Northern whitetails are never in danger of suffering from starvation or a lack of adequate nutrition during spring, summer and fall. Winter is another matter. When snow is belly-deep or deeper to whitetails (see trail of desperately plunging deer in three feet of snow in above photo), while winds are strong, temperatures are far below zero over extended periods and where deep snow lasts well into March or April, many northern whitetails perish as a result of starvation.
In my far-north study area, whether snow covers the ground or not, whitetails suddenly quit feeding on grasses and such about the beginning of the second week in November and begin feeding on thin stems of woody shrubs and certain tree saplings. By this time buds, the most nutritious part of woody stems, have become prominent, such as on red osiers and mountain maples, much relished by whitetails. Red sugar maple saplings bristling from stumps in clearcuts are also much favored. Certain dried leaves, especially those of red oaks which are retained on branches throughout winter, are another favorite winter food. About the end of the third week in December, (earlier if snow is especially deep) all whitetails in my study area migrate to two traditional wintering areas where evergreen cover and favorite browse plants are abundant. About half migrate to a lakeside wintering area where white cedar trees crowd the shoreline. The greenery of these trees has enough nutrition to keep most mature whitetails healthy and fleet enough to survive unending predation by a pack of gray wolves. Once snow is belly deep, whitetails are forced to regularly use a maze of trails within a reduced area (deer yard) so they can be used to outrun pursuing wolves whenever necessary. From this time until snowmelt in spring they are locked in. Older bucks, still weakened by the rut—having used up much of their accumulated fat stores while battling other bucks and because they did not eat regularly while does were in heat—generally become easy deer yard prey for wolves during their seventh winter. Within a deer yard remaining browse stems poking above the snow are soon completely consumed, forcing deer to stand on hind legs to subsist on thin branches of various deciduous trees and remaining reachable greenery in cedars. This is a time when mature whitetails commonly have blood-red chins, caused by using their chins to help maintain their balance while standing on hind legs to feed on branches that can barely be reached. At this point, smaller deer such as fawns and yearling does find it difficult, if not impossible, to reach high enough to feed on remaining edible browse. Each fall, whitetails accumulate thick layers of fat on their bodies, needed to sustain themselves while winter winds are too strong, temperatures are too frigid and/or or snow is too deep and exhausting to plow through to consider leaving their beds to feed. This fat can only keep whitetails alive without feeding through about three weeks of such weather.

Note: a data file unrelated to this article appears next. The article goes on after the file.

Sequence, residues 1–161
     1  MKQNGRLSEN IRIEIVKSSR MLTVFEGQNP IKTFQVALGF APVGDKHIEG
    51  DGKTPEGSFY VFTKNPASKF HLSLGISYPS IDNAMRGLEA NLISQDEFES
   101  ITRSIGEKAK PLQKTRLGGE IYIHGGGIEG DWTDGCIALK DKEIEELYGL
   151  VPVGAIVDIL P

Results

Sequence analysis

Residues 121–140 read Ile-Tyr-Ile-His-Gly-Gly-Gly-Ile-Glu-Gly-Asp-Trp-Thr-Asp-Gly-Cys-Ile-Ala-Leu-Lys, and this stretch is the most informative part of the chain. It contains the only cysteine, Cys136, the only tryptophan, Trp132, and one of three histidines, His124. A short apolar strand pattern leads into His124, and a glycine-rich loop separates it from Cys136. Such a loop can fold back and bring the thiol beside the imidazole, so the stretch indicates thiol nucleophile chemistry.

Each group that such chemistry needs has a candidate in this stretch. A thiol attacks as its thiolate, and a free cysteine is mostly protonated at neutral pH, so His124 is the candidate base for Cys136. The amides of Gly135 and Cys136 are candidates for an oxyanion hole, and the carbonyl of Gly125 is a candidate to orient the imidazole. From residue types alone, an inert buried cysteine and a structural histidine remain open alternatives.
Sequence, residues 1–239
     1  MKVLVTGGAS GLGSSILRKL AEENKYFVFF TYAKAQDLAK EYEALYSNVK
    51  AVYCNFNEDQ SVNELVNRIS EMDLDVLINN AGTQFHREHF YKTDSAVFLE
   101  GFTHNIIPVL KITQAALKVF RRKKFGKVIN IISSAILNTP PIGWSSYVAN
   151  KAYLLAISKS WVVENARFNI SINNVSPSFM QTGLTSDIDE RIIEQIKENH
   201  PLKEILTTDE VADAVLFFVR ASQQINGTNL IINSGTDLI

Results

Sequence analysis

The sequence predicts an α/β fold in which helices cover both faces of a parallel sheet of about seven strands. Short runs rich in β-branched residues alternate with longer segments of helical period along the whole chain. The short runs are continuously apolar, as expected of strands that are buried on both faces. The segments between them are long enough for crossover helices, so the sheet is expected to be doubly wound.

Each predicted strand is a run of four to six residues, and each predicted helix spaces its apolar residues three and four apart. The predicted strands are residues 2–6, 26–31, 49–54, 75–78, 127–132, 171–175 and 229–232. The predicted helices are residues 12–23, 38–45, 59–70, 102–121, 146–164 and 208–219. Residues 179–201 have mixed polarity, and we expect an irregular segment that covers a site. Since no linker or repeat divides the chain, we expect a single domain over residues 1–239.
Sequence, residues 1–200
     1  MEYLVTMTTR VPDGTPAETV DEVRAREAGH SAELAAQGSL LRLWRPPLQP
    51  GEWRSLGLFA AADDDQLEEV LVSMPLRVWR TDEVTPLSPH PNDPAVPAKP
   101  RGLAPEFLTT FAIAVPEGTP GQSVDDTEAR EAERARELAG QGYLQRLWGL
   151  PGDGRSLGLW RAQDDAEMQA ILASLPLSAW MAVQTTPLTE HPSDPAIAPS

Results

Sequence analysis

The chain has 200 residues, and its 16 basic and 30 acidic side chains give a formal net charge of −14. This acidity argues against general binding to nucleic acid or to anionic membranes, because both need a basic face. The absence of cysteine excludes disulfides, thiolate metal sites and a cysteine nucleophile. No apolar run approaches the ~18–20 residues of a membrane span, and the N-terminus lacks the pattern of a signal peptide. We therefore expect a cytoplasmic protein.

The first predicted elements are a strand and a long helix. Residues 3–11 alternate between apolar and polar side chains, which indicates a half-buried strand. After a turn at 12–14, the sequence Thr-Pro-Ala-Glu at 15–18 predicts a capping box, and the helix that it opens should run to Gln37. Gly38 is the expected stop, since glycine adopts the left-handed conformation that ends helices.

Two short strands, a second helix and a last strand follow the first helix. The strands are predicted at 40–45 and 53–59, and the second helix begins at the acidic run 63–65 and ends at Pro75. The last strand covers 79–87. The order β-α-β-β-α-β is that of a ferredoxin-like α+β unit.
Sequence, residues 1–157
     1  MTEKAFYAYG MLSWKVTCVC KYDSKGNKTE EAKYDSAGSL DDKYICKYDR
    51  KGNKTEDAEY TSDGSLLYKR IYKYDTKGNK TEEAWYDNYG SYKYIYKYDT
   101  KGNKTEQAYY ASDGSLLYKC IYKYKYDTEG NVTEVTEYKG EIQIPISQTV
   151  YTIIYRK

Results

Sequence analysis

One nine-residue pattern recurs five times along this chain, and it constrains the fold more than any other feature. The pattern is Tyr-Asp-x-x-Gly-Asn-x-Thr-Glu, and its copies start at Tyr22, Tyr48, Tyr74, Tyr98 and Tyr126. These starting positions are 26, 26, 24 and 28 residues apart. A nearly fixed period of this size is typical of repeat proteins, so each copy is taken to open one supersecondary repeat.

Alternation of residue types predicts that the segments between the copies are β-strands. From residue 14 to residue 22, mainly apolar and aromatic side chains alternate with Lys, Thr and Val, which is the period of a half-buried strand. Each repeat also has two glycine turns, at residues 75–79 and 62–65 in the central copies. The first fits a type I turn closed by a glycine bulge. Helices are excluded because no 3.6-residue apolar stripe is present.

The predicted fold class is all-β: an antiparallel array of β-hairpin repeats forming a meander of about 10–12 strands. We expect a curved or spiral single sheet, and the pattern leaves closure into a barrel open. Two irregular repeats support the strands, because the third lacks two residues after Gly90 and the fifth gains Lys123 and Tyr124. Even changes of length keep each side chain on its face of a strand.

Back in the 1960s, my brother, Bob, and I did our best to feed starving whitetails (with ribs showing) in our hunting area that were locked in deeryards by 4–5 feet of snow. It was tough snowshoe work, using bow saws. Whitetails were so desperate for food that they gave up their fear of humans and flocked around us on usable trails as we cut boughs from white cedar trees for them. During one of our many weekends of doing this, we discovered seven dead deer in a yard that had been killed (but not eaten) by a marauding wolf pack. Though furious at first, we eventually realized this gave the remaining deer a much better chance of surviving until spring.
Now then, here’s something for all you hunters who toil to create food plots to benefit whitetails to think about. How much do food plots buried under two or more feet of snow benefit starving whitetails in winter? How much do food plots with plants containing higher amounts of protein (the latest rage) buried under two or more feet of snow benefit starving whitetails in winter? If you really want to grow food that benefits whitetails when they need it most, grow something whitetails normally eat in winter, preferably something tall enough to poke up through deep snow. Red osiers (red bark dogwoods) are a good choice in forest areas. Wild osiers are easy to propagate. All you have to do is prune 1-2 foot long stems from existing wild osiers in spring, which doesn’t harm them in the least, keep your stems in a pail of water until planted and then poke the cut ends into damp soil (preferably in a damp or wet lowland) where they’ll get full sun or partial sun. They’ll all take root and grow and continue growing for many years, feeding lots of grateful deer in winter as long as they are not smothered by second growth quaking aspens (popples).